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Little Failure: A Memoir Hardcover – Deckle Edge, January 7, 2014
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Top Customer Reviews
On the next day, I continued reading while eating breakfast, didn't put away the dishes, and continued reading all day, putting everything else aside, until I was done.
I laughed and I cried. I cried throughout the last chapter and until I went to sleep.
Is that enough of a review? Perhaps.
A good book touches the reader. A good book either tells the reader something they do not know, or tells them something about themselves, or both.
*Ah, but then I realized this jest is not the snarky humor of many books these days. This humor is familiar and familial, and why? This book struck me to my core. Mr. Shteyngart and I have a few things in common, but they must run deep. I'm a fourth generation American Jew, but the humor and pathos at the heart of this book came so alive to me that I forgot my age, my gender, and that I didn't spend my first seven years in the Soviet Union. The cadence of the cutting remarks, the combination of suffocating love and open hostility, the expectations of both failure and great success. . .oh it was so achingly and heart breakingly familiar. I haven't the words to explain just what happened here as I read. I am not a writer, only an average reviewer. I thank Mr. Shteyngart for his words, bringing a pitch perfect rendering of coming of age in New York to life. I know no other honorific as fitting here as the Yiddish word mensch.
This memoir morphs into almost greatness!! Really. But, you have to get through the standard expected stuff to find the pony. ( From the old joke that "With all this s..t there has to be a pony in here somewhere.") The trenchant writing doesn't begin until Gary is almost in college half way through the book.
The author had an ostensibly ordinary immigrant life. Yes, the feelings of being an outsider magnified by being a Russian- not the most loved group in America of the eighties- are isolating. Yes, having parents who are cheap and don't "get" America is isolating. Yes, being an only child is tough-- with both parents stuggling workaholics-- and is further isolating. And on and on.. BUT, the clincher is that Gary's Father beat him consistently; and his Mother just stood by, ineffectual -- isolating him more. The only love Gary remembers from this time ( his childhood) is the "touch" of beatings. At least, he was being touched, he thinks.
The best part of this memoir details how the budding author used and abused people-- only caring for himself in the short run, abusing drugs and drink to the max, not being able to make a real connection, not able to love or be loved. Only desperately wanting love and not knowing what that is.
Receiving a lot of psychiatric help was his salvation. Finding true mentors ( Chang Rae Lee was one )and friends helped. Connecting with his flawed parents and with his genes helped. He's still mixed up, of course, but certainly more understanding of others and himself.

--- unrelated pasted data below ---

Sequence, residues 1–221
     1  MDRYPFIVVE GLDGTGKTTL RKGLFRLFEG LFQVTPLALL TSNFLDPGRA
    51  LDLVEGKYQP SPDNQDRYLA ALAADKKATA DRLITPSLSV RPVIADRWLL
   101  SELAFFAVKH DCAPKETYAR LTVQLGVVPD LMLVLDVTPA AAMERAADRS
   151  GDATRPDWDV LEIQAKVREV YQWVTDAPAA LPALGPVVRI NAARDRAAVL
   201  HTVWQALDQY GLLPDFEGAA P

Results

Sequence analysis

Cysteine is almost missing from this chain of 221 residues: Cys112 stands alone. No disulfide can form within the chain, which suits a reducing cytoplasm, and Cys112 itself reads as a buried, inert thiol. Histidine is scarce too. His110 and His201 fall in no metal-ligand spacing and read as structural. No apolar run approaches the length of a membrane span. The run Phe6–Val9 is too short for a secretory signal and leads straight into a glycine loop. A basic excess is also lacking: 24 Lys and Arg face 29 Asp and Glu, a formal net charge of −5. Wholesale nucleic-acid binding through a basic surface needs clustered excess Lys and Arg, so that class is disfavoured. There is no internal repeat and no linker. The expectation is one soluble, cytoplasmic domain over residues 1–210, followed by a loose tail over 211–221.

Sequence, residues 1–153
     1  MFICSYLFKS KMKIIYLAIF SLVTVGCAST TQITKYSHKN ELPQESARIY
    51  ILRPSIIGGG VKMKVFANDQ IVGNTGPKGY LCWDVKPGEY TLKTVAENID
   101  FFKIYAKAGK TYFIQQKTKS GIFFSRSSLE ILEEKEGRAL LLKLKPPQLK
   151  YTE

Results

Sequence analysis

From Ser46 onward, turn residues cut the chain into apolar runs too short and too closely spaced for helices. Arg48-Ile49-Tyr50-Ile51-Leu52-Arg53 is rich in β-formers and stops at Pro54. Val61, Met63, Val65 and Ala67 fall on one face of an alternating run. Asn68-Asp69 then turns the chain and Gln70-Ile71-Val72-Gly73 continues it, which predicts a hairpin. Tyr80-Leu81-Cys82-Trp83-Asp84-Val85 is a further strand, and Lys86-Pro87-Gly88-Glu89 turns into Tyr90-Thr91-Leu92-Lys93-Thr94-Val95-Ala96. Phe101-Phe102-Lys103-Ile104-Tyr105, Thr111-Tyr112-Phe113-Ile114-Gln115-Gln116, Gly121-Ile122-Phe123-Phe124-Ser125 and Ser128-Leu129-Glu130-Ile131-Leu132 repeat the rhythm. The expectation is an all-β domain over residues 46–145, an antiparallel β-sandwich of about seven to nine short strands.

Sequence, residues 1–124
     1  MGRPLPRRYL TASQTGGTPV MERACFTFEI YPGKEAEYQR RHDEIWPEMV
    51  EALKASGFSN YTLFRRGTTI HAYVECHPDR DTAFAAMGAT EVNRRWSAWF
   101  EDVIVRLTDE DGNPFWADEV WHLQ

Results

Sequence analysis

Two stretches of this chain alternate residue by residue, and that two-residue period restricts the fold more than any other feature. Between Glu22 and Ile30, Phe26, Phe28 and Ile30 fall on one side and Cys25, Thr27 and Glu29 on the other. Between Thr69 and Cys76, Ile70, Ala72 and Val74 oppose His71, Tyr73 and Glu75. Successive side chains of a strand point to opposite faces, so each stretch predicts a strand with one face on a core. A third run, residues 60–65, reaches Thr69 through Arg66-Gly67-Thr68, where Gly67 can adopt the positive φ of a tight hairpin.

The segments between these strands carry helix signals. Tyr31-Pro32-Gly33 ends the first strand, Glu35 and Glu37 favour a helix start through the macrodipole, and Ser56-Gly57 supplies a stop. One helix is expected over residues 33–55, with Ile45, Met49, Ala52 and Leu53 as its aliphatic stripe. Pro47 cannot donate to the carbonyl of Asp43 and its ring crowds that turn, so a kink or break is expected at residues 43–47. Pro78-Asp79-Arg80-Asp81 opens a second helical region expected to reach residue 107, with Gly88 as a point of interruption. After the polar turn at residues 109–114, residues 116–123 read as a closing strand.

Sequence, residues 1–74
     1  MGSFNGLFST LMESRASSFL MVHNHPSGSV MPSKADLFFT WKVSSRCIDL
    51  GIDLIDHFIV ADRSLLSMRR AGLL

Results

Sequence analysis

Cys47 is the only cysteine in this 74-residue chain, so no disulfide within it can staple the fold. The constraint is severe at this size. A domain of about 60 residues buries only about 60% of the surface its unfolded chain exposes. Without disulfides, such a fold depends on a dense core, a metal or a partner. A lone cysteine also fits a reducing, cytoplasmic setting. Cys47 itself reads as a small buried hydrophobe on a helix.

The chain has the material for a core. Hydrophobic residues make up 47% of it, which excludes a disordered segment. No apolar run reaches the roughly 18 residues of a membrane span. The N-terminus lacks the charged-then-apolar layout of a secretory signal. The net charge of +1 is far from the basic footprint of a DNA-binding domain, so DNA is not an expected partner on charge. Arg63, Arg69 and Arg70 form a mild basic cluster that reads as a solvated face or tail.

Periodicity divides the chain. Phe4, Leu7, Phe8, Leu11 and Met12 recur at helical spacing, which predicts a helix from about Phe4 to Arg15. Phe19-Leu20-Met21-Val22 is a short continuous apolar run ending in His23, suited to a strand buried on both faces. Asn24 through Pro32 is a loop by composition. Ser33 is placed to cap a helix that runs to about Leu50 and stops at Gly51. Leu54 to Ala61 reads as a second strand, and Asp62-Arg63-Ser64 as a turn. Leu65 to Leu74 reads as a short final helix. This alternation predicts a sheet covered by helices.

And, he's a very good writer! The words fly off the pages from his college years on-- into our hearts.
Four plus stars.
It would seem hard to raise a son more neurotic or disfunctional than that quintessential Jewish neurotic New Yorker, Woody Allen. Yet Mom and Pop Shtenyngart do so and then some. The recipe for their dubious success reads something like this: start with a son whose gut-wrenching asthma exacerbates your very worst fears for your only child. Toss in a heart-wrenching and culturally dislocating emigration that make you strangers in a strange land, and oh, yeah leave behind most of your mother's family. It is amidst this backdrop that the author recounts hilarious and painful memories: learning English but keeping Russian, attending Hebrew School but sort of despising it, having an accent then not, being a minority, but hating other minorities, and finally having parents who both adore and abuse you.
These two extremes are the crux or the heart of what's the matter in Little Failure. At one end of the gamut are parents who clearly love you.Read more ›
Most Recent Customer Reviews
I didn't enjoy this book. It was a little too whiny and not as humorous as I thought it would be. Basically it is memoir about a man coming to grips with his unhappy childhood... Read morePublished 21 days ago by Amazon Customer
he's funny but not enough so to keep me engaged in why i'm meant to care about his life.Published 1 month ago by Amazon Customer
Hysterically funny. Kind of a Woody Allen memoir. Good insights into immigrant family.Published 1 month ago by rebecca carlson
Shteyngart is as good as it gets. Searingly honest. Laugh out loud funny. Constantly surprising. There were several sections I read over and over.Published 3 months ago by H. Minkoff
This review refers to the audio version. I am on disk 3 of 11 and probably will not go further, it is getting cringe-worthy. Read morePublished 3 months ago by D Joyce
Little failure Gary Shteyngart a memoir is an interesting take on the Russian immigrant experience in the 70s and after. Read morePublished 3 months ago by Stella